There may be worse to come. Proposed changes to the 1989 Act by the Boris Johnson government, which would give intelligence agencies “the tools they need to disrupt hostile state activity,” have alarmed journalists even further. A National Union of Journalists spokesman, referring to the proposals by the Law Commission in 2017 to make gathering secret information a crime, told The Guardian: “The union expressed opposition at the time because the proposals included making it easier to prosecute journalists and increased the likelihood of conviction.”
Obama’s ‘NYT Problem’
After the Pentagon Papers case, the Gerald Ford and Ronald Reagan administrations threatened, but did not follow through, with Espionage Act indictments against the press. The Ford administration in 1975 discussed indicting journalist Seymour Hersh after he reported in The New York Times that U.S. submarines were spying on Soviet communications. In 1981 the Reagan Justice Department threatened but backed down on indicting author James Bamford for his groundbreaking book on the National Security Agency, The Puzzle Palace.
A reason the Espionage Act was not used against journalists until Assange, even though it could have been, is because of the Act’s inherent contradiction with the First Amendment. The Barack Obama administration aggressively used the Act against press sources, indicting more than any administration before.
When WikiLeaks published the Iraq and Afghanistan war diaries and the State Department cables in 2010, an incensed Obama Justice Department empaneled a grand jury with the intention of indicting Assange under the Espionage Act.
Then Vice President Joe Biden said if Assange conspired to get the classified material then his case was closer to the actions of a “high-tech terrorist” than to the Pentagon Papers.
Though prosecutors tried to construct a case that Assange was complicit with his source Chelsea Manning in illegally obtaining defense material, they ultimately concluded that Assange was working as a journalist and his prosecution was complicated by the First Amendment.
As The Washington Post put it in 2013 when it explained the Obama DOJ’s decision not to prosecute Assange:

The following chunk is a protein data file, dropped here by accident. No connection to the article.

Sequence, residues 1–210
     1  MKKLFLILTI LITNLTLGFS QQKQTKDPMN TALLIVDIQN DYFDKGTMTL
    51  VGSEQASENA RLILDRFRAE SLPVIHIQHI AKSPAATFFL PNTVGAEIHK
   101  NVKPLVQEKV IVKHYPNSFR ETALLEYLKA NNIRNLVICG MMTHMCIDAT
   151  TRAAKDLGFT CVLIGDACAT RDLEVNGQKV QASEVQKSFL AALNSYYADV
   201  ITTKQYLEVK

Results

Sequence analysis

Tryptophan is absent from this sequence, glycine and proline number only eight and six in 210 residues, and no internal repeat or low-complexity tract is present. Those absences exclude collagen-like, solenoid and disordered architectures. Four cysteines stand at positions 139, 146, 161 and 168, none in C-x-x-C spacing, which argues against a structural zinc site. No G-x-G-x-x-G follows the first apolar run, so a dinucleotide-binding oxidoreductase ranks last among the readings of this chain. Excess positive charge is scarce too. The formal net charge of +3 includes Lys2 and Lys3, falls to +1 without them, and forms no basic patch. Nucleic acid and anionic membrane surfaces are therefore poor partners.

“Justice officials said they looked hard at Assange but realized that they have what they described as a ‘New York Times problem.’ If the Justice Department indicted Assange, it would also have to prosecute the New York Times and other news organizations and writers who published classified material, including The Washington Post and Britain’s Guardian newspaper.”
In fact, the documents that Assange has been indicted for releasing on Afghanistan, Iraq and Guantanamo were the exact ones reported on by The New York Times, The Guardian and WikiLeaks’ other media partners, but only Assange has been prosecuted.
The Political and Class Nature of These Acts
While the overt intentions of legislators in Britain and the U.S. in enacting these laws may have been to combat foreign espionage, the broadness and complexity of the language left open its use, intentionally or not, against the press and the interests of the public. Instead, these Acts protect the interests of a class of people who have accrued vast power and are responding to the crisis of their rule with increasing aggression against anyone who threatens it.
Two U.S. presidents came close to prosecuting journalists and a third has indicted Assange for publishing defense information. Wilson intended the Espionage Act to censor the press. Though Congress defeated that effort it left an Act that has been used after publication to punish the press on the grounds of “national security” defined by the government of the day.
The British legal scholar David Glyndwr Tudor Williams warned back in 1965:
“It is surely desirable that the operation of the Official Secrets Acts should be severely confined. They should not be wielded as an all-purpose weapon, whatever the literal wording of their provisions. They should not be invoked unnecessarily – where other appropriate laws are available – or for trivial considerations. Their only admissible purpose in a democracy should be to restrain and punish espionage, gross breaches of trust and gross carelessness in respect of State secrets. They should not be used to intimidate the Press and to encourage a timidity in the handling of official information which in the end deprives an administration of the scrutiny and criticism necessary for efficiency and responsibility. If they are used too readily to stifle exposures of governmental inefficiency and corruption they could become as oppressive as the law of sedition once was.”
But indeed that is how they have now been used. And for a political purpose: to protect the interest of people in power.
In a 1990 academic paper, Australian scholar Barbara Hocking quoted journalist Tony Bunyan in his 1977 book The Political Police in Britain:
“In an analysis of the political uses of the criminal law in the United Kingdom, Bunyan turns this theoretical myth around: the fundamental purpose of the criminal law is the maintenance of a political order acceptable to the British ruling class; this was the primary purpose of the secrets legislation: ‘The British state has available to it the whole of criminal law for use against political opposition: the laws used against political activists embrace those normally used against the criminal and those for maintaining public order.'”